|a chattering or flighty, light-headed person.|
|a printed punctuation mark (‽), available only in some typefaces, designed to combine the question mark (?) and the exclamation point (!), indicating a mixture of query and interjection, as after a rhetorical question.|
|1.||a violent impact of moving objects; crash|
|2.||the conflict of opposed ideas, wishes, attitudes, etc: a collision of interests|
|3.||physics an event in which two or more bodies or particles come together with a resulting change of direction and, normally, energy|
|[C15: from Late Latin collīsiō from Latin collīdere to |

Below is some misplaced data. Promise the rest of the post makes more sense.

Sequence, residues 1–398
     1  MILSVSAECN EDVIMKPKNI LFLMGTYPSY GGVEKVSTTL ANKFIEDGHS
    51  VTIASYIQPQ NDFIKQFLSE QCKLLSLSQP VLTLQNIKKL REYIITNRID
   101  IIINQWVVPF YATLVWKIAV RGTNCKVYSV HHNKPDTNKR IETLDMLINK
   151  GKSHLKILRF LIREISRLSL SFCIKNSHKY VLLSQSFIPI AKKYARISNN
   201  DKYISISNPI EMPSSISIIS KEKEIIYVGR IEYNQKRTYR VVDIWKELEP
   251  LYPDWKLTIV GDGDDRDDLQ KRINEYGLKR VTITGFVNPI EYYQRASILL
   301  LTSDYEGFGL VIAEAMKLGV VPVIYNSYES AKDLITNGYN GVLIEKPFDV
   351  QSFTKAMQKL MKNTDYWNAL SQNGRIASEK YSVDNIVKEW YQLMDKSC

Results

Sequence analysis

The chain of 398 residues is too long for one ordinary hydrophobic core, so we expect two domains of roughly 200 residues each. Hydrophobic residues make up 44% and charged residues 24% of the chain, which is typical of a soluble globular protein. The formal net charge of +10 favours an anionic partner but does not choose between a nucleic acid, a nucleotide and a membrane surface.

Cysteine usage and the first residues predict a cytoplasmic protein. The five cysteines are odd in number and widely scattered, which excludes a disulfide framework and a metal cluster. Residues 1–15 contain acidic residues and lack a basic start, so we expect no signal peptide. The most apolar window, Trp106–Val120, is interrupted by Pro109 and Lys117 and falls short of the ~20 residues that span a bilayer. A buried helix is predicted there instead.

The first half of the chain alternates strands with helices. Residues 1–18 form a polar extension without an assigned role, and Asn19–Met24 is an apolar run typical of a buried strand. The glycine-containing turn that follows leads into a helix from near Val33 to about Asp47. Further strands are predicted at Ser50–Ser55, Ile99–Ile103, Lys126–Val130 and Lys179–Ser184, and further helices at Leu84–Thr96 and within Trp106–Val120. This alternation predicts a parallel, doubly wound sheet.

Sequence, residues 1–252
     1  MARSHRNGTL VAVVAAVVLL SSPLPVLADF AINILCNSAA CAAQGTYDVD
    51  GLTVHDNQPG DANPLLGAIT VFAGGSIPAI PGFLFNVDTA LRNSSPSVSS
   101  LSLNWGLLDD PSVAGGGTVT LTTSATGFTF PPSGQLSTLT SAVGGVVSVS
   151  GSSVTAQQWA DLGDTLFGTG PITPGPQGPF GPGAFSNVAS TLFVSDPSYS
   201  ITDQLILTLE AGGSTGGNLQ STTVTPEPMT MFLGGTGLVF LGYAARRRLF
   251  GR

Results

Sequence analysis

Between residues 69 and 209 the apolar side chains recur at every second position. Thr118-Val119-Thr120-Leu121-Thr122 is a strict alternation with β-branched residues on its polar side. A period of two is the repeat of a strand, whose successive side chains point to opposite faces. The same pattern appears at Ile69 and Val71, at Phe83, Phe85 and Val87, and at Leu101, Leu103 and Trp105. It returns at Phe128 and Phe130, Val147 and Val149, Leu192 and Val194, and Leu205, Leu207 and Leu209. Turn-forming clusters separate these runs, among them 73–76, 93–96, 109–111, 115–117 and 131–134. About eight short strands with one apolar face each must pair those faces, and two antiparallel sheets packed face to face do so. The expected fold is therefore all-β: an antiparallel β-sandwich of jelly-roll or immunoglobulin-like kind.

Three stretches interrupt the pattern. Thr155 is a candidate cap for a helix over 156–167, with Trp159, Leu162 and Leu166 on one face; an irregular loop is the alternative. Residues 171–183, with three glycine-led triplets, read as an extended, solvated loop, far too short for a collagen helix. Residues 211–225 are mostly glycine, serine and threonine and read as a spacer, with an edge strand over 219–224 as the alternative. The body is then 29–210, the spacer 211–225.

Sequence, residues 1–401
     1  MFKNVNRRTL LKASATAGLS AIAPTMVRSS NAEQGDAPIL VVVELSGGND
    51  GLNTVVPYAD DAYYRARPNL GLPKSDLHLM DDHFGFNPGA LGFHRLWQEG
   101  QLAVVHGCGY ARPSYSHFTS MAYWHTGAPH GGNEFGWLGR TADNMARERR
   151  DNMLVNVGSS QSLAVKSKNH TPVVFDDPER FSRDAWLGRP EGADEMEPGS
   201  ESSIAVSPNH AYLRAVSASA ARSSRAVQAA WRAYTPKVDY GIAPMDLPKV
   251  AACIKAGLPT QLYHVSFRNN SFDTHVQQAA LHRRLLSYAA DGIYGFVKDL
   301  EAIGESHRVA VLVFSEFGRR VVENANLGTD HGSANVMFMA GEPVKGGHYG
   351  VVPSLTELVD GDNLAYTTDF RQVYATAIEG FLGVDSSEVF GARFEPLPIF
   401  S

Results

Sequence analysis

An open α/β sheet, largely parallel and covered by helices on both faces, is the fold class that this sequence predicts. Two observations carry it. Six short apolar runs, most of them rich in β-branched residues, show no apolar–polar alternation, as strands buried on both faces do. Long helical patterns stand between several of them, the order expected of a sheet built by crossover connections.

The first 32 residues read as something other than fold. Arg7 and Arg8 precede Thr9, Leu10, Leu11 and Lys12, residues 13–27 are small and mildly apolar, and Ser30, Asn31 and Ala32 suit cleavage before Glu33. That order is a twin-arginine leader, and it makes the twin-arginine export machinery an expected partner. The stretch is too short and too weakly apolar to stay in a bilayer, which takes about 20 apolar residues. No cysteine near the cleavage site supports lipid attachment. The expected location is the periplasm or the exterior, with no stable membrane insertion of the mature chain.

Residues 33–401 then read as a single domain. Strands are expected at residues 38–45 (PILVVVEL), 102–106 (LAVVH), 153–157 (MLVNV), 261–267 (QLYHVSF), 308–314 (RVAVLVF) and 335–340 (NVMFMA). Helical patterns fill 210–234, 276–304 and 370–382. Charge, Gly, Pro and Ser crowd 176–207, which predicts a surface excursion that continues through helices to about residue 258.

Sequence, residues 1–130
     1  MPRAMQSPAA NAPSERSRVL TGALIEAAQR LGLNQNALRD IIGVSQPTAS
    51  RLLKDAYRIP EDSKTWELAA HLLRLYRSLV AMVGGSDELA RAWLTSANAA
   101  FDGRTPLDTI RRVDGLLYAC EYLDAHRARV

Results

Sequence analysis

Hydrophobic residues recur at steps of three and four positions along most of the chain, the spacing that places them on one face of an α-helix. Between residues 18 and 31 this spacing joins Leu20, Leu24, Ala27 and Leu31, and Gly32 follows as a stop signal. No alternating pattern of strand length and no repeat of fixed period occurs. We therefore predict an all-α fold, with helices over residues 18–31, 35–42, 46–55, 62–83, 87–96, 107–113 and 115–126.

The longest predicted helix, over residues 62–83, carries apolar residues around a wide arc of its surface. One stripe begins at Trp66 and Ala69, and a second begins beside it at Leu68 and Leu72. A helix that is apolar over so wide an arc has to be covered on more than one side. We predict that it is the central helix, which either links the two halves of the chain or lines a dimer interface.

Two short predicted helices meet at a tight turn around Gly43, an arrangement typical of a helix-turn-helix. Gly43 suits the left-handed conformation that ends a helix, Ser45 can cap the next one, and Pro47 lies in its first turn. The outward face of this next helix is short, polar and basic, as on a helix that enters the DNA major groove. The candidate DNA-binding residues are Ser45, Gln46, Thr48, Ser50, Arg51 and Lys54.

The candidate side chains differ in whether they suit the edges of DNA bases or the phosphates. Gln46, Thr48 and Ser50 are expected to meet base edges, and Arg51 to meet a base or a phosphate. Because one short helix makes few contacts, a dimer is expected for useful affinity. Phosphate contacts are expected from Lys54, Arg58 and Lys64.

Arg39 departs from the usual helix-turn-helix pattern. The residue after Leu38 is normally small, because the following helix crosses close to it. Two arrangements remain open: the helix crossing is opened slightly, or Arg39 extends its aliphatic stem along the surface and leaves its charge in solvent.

in physics, the sudden, forceful coming together in direct contact of two bodies, such as, for example, two billiard balls, a golf club and a ball, a hammer and a nail head, two railroad cars when being coupled together, or a falling object and a floor. Apart from the properties of the materials of the two objects, two factors affect the result of impact: the force and the time during which the objects are in contact. It is a matter of common experience that a hard steel ball dropped on a steel plate will rebound to almost the position from which it was dropped, whereas with a ball of putty or lead there is no rebound. The impact between the steel ball and plate is said to be elastic, and that between the putty or lead balls and plate is inelastic, or plastic; between these extremes there are varying degrees of elasticity and corresponding responses to impact. In a perfectly elastic impact (attained only at the atomic level), none of the kinetic energy of the coacting bodies is lost; in a perfectly plastic impact, the loss of kinetic energy is at a maximum.
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